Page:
Rep. Greg Walden, R-Ore., and Rep. Brian Baird, D-Wash., launched a bipartisan effort Wednesday to require all legislation be made available on the Internet at least 72 hours before a vote on the House floor.
The measure would amend the Rules of the House of Representatives to mandate that all legislation and conference reports be posted in full and online in a format searchable by text, three days before a vote.
Exceptions would be made for classified material, which would continue to be handled under existing laws and rules. The resolution also would require a two-thirds majority vote to waive the 72-hour requirement for a national emergency.
On Wednesday, Walden filed a discharge petition, which requires 218 signatures to bring the legislation up for a vote on the House floor. The bill currently has 98 co-sponsors, including Democrats and Republicans.
Walden and Baird agree this is not about partisan politics. The goal is transparency.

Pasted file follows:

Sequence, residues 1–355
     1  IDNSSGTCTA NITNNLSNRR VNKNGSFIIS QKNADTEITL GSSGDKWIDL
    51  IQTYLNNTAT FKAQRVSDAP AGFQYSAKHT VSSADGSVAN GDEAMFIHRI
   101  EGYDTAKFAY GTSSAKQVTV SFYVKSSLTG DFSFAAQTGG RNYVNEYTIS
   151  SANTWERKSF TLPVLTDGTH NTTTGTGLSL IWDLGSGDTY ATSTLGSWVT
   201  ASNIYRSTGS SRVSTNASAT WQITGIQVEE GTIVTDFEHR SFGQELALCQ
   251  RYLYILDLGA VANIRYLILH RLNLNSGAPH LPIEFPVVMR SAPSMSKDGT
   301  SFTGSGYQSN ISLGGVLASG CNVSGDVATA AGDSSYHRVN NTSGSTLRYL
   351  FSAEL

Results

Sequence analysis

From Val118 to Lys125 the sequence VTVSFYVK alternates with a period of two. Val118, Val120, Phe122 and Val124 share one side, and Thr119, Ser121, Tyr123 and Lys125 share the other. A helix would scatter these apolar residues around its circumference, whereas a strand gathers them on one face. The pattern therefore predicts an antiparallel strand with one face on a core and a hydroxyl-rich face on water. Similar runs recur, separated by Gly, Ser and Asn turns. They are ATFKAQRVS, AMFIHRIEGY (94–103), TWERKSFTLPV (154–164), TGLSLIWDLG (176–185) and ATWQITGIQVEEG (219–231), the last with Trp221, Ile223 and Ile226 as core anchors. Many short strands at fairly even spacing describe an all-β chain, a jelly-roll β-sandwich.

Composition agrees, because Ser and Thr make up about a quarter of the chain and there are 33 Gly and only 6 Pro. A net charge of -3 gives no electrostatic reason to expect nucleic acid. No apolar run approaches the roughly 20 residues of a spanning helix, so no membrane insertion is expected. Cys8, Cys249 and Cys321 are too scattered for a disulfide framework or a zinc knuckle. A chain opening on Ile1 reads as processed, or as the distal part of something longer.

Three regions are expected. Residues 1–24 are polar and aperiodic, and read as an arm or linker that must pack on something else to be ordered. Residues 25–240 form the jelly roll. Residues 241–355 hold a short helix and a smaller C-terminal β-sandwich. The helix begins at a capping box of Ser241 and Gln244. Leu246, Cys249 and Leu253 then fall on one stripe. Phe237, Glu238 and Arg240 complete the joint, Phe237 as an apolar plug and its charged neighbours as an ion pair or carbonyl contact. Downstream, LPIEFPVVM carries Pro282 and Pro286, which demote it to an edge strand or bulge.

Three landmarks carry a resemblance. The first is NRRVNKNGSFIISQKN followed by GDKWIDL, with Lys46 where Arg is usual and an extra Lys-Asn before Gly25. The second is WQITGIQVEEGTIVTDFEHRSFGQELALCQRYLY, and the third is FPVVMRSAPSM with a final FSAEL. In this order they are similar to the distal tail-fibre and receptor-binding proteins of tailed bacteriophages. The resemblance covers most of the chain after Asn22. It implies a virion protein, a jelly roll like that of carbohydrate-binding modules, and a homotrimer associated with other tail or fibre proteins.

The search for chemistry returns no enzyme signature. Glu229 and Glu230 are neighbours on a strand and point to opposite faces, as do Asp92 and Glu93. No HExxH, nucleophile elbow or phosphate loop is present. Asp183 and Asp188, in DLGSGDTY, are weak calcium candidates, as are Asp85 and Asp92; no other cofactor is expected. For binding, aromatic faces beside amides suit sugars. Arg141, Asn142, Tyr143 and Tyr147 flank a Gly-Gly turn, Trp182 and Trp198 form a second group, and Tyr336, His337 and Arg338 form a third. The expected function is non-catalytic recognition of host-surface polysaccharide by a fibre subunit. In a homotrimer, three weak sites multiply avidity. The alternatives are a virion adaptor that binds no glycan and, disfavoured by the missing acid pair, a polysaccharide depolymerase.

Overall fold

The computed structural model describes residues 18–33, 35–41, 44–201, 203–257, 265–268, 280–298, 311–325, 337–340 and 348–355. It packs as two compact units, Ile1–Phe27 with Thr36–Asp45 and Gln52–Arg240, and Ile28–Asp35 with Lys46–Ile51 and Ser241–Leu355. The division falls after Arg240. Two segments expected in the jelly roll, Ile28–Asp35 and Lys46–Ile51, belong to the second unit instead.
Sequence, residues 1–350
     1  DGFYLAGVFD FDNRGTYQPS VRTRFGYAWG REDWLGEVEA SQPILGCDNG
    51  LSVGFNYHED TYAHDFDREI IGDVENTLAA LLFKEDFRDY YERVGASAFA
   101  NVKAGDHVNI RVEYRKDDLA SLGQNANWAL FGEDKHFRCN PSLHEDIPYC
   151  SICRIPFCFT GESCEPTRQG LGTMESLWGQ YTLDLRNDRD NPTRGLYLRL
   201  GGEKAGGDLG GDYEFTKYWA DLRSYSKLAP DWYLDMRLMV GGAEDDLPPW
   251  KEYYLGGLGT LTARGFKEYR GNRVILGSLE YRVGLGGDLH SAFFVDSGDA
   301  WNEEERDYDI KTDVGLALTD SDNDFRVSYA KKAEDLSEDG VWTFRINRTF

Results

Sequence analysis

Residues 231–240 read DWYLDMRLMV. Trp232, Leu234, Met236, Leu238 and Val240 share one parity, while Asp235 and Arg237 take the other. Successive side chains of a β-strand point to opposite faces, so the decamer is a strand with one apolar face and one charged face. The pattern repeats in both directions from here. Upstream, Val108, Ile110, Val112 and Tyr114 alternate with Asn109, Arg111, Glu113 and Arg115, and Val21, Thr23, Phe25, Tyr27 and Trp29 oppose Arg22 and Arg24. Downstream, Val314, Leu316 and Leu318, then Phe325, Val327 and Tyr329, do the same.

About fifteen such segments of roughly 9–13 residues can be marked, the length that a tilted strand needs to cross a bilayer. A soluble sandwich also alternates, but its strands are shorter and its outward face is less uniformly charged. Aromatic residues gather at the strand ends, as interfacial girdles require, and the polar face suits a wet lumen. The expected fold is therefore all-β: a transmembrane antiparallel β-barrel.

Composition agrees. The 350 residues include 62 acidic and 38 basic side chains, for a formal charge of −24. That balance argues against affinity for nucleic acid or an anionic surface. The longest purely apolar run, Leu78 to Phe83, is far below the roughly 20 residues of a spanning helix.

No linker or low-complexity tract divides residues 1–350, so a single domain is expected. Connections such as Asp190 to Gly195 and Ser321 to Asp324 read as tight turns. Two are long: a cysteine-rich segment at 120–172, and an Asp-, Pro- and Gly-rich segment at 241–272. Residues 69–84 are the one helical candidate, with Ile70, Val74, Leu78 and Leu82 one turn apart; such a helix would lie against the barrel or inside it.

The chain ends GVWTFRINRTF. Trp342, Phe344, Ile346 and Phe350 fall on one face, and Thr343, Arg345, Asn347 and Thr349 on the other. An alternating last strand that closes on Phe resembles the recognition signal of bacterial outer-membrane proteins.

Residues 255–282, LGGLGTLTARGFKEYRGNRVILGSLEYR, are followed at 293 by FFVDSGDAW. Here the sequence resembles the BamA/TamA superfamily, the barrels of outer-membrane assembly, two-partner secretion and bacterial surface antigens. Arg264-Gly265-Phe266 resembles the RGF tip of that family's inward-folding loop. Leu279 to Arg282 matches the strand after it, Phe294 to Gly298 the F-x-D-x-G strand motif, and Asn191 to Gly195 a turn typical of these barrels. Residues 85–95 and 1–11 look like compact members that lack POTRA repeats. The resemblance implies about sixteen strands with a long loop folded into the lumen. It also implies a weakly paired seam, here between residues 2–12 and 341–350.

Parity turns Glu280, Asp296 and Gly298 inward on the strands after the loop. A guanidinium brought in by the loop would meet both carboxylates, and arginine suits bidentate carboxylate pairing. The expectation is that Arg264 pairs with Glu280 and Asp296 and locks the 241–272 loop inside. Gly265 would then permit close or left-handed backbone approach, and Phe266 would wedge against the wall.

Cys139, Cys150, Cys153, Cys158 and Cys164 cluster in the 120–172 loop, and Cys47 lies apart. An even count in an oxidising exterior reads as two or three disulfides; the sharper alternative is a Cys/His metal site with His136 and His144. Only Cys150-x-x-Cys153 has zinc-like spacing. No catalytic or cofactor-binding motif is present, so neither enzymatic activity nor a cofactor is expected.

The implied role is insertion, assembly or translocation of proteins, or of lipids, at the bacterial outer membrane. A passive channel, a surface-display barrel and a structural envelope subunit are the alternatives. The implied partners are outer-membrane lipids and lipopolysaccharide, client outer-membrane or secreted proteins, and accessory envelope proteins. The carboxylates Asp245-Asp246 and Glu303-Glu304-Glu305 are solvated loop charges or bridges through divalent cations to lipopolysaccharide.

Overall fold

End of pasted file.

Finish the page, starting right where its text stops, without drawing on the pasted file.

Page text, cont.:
"People always want to know, 'Have you read these bills?'" Walden said. "Members of Congress, the public and the press all deserve the time to read these bills before we have to vote on them on the House floor. ... It doesn't guarantee good government, but it helps."
According to Baird, this resolution is about common sense, fair play, and responsible government.
"Most members will benefit from this dramatic improvement," Baird said.
Walden guaranteed House Republican leadership will support the resolution.
"The American people are angry that Speaker Pelosi didn't allow the public and their elected representatives to read the trillion-dollar 'stimulus' bill or the national energy tax before they were rammed through the House. They have every right to be angry," House Minority Leader John Boehner said in a written statement. (The stimulus bill passed by Congress totaled $787 billion.) "Congress can, and must, do better."
The legislation was initially introduced by Baird in June. He has introduced it in each of the last three Congresses. Walden has also been a co-sponsor in the past.
Congressmen John Culberson (R-TX) and Walt Minnick (D-ID) are also helping lead the effort.
Culberson sees this as a step towards "real-time democracy." He also plans to use online technology to solicit contributions from his contituents on the health care bill.
"The Internet is the greatest truth detector ever invented," Culberson said. "Where you have transparency, you have trust."